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Learning to Drive DVD Review

Learning to Drive (2015) movie poster Learning to Drive

Theatrical Release: August 21, 2015 / Running Time: 90 Minutes / Rating: R

Director: Isabel Coixet / Writers: Sarah Kernochan (screenplay); Katha Pollitt (article)

Cast: Patricia Clarkson (Wendy Shields), Ben Kingsley (Darwan Singh Tur), Jake Weber (Ted Shields), Sarita Choudhury (Jasleen), Grace Gummer (Tasha Shields), Avi Nash (Preet), Samantha Bee (Debbie), Matt Salinger (Peter), John Hodgman (Car Salesman), Michael Mantell (Wendy's Dad), Daniela Lavender (Mata), Gina Jarrin (Paige), Rajika Puri (Darwan's Sister Rasbir), Beau Baxter (Debbie's Husband)

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Learning to Drive opens with Wendy Shields (Patricia Clarkson) being messily dumped in the back of a cab by Ted (Jake Weber), her husband of twenty-one years. Blindsided and hysterical,
Wendy is dropped off at her Manhattan house after Ted is driven to his new love interest's place. Thus begins a difficult new chapter in the life of Wendy, a respected book critic devoted to her work.

With her collegiate daughter Tasha (Grace Gummer) about to spend the semester at the farm where she spent the last, Wendy decides to finally learn how to drive. Choosing an instructor is a no-brainer: Darwan Singh Tur (Ben Kingsley), the same cabbie who witnessed her marriage's painful dissolution, returns a parcel she left in his cab and she notices that he gives driving lessons during the day.

Darwan has his Master's degree, but has chosen to teach the seemingly menial art of driving so as to remain true to his identity as a Sikh. He keeps his beard, hides his long mane of hair in a turban, and endures the occasional racial taunt. He is a patient and prudent instructor, which is what Wendy needs, with all that is on her mind and a lifetime devoid of behind-the-wheel experience. Darwan is also a lifelong bachelor, something his nephew (Avi Nash), an illegal immigrant living with him, has been encouraging him to do something about.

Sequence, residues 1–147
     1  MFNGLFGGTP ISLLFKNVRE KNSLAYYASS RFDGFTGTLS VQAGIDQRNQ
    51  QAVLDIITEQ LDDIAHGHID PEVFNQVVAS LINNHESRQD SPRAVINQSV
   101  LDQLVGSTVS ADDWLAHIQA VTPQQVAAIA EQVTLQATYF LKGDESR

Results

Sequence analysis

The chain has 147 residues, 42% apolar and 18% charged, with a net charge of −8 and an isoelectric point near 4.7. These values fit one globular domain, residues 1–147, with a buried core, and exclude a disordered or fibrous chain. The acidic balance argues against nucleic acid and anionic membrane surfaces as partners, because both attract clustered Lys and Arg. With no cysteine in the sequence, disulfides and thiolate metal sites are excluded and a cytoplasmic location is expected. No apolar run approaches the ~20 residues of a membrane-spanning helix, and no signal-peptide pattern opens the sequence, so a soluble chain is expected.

In "Learning to Drive", freshly-divorced middle-aged book critic Wendy Shields (Patricia Clarkson) learns to drive from an Indian Sikh emigre (Ben Kingsley).

Finally, he does, agreeing to an arranged marriage to Jasleen (Sarita Choudhury), a shy woman from his village with limited English skills he has never even seen, let alone met. This arrangement throws a hitch into the film's seemingly obvious destination. You haven't entirely ruled out the possibility of the mutually respectful driving student and teacher ending up together, as they seem to have a connection. But how can it be?

Learning to Drive is easy to admire as a rare new film made for and by adults. This indie dramedy-romance gives us not one but two fully-developed lead characters who are well into adulthood. Both are looking for some guidance in life and making do with the hands they've been dealt. Darwan was imprisoned for his beliefs in India and can never return, having become a US citizen through political asylum back in 2000. Wendy is conflicted with trying to salvage her marriage and accept fault while also preparing for an independent life she hasn't led in decades.

Learning to Drive is directed by a woman, written by another, and based on a New Yorker article penned by still another. There are too few female voices in Hollywood, a fact that gets noticed every year when it's rare to encounter a female Academy Award nominee outside the ten actress slots and we are reminded that the voting body is 76% male. The average age of an Academy member is 63, but that's not a demographic frequently courted by the business. In fact, it's downright rare to find a leading role go to an actress over 50 who isn't Meryl Streep or, sometimes, Helen Mirren.

Things are quite chilly between Darwan Singh Tur (Ben Kingsley) and Jasleen (Sarita Choudhury), his new bride by arranged marriage.

Clarkson just turned 56 and Kingsley, 72. He's been pretty ubiquitous of late, claiming major roles in Martin Scorsese films, Iron Man 3, and other high-profile work. Clarkson hasn't enjoyed quite such prominence, though other women her age would kill for parts she's had in the Maze Runner movies, Easy A,